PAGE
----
Ecotourism: Current Trends and Future Prospects Essay

Ecotourism: Current Trends and Future Prospects
An examination of current thinking on ecotourism theory and practice and an assessment of future directions in this area from the cultural anthropology perspective.
# 153982 | 2,537 words | 10 sources | 2014 | CA
Published by on Aug 15, 2014 in Anthropology (Cultural) , Environmental Studies (General)

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From the Paper:

"In terms of culture, tourism has a long and honourable history, going all the way back to ancient times, when pilgrims travelled hundreds of miles to visit holy sites as part of their religious duties or merely out of personal conviction, curiosity, or interest. Over the centuries, tourism as a cultural phenomenon has evolvedoutwards in various directions from its fundamentally religious origins, taking on a specifically economic significance beginning in the twentieth century. Today, tourism is the world's largest industry, and ecotourism in the past several years has become its fastest growing sector (Al-Sayedand Al-Langawi 2003). Aside fromsome issues of concern,ecotourism, if properly conducted, has the potential for being a powerful asset, especially for developing countries. The current thinking from experts is that when ecotourism is carried out correctly,based on the tripartite principle of sociocultural, ecological, and economic sustainability, its advantageswill significantly outweigh its disadvantages. This essay analyses the arguments behind this optimistic position and examines the future prospects of ecotourism.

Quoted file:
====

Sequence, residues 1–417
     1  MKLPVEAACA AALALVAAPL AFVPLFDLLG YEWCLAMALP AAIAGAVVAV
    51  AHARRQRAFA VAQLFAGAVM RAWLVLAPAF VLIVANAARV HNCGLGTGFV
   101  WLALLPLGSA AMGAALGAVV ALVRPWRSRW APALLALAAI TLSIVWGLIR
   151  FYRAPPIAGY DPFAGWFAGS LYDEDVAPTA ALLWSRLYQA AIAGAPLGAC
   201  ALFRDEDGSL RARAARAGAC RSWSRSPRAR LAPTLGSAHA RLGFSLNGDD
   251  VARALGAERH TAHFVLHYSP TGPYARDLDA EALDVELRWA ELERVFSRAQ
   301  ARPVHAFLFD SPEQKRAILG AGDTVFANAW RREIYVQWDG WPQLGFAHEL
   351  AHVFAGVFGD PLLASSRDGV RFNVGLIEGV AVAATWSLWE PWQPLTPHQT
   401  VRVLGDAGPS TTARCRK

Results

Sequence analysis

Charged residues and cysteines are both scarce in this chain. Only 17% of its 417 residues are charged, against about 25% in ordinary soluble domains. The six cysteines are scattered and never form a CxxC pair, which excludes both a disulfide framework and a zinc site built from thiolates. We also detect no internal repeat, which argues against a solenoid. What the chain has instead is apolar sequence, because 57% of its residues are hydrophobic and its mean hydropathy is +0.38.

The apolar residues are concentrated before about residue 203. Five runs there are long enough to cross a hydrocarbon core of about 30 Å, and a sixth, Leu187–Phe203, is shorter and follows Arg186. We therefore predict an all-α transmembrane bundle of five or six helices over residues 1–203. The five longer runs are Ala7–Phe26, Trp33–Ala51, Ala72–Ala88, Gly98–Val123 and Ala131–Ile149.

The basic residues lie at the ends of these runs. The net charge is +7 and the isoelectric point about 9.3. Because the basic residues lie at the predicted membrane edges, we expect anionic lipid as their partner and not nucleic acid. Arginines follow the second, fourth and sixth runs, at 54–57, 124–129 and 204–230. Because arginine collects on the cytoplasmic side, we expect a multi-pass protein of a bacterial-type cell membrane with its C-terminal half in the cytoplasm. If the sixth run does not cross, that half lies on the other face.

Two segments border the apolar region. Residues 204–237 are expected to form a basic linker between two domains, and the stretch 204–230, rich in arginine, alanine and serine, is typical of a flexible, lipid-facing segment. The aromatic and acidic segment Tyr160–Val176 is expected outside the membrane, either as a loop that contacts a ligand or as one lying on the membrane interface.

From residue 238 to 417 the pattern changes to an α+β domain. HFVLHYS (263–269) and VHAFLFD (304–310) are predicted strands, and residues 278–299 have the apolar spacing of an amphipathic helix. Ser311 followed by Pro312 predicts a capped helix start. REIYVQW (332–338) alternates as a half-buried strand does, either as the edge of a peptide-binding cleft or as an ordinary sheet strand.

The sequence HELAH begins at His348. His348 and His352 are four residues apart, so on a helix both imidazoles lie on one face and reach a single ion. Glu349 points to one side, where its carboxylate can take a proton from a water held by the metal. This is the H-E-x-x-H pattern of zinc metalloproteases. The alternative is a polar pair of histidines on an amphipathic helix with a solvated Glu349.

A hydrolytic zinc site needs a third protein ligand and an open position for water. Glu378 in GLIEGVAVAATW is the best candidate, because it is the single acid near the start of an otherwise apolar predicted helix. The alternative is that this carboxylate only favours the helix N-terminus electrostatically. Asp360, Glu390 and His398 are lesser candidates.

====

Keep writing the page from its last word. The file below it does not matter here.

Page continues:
The starting point of any discussion on ecotourism is its significance for local economies. There are unmistakable indications thatecotourismcan be instrumentalin spurring economic development. The World Wide Fund for Nature (WWF)has estimated that as early as 1988, out of the US $55 billion earned from tourism in developingcountriesin that year, about $12 billion came from ecotourism alone (Geeand Fayos-Sola 1997). In developing countries, currently approximately 50 million people have jobs related to the tourism industry, and the figure is rising every year.With the recent increase in interest in ecotourism worldwide, the demand for workersin the tourism industry can be expected to continue rising. In view of this, it is necessary to keep in mind a few key considerations in unlocking the vast potential of ecotourism as a meansof sustainable development in developing countries. An international set of standards for ecotourism must be formulated, local communities must be invited to contribute input in planning ecotourism promotion strategies in their area, and land ownership and the rights to natural resource must be restored to indigenous communities where these rights have been taken away. Theserecommendations are based on empirical analysis using local economy modeling techniques and original survey data from tourists, businesses, and native communities in developing countries where ecotourism is currently practiced. Theyform the foundation of "responsible ecotourism.""

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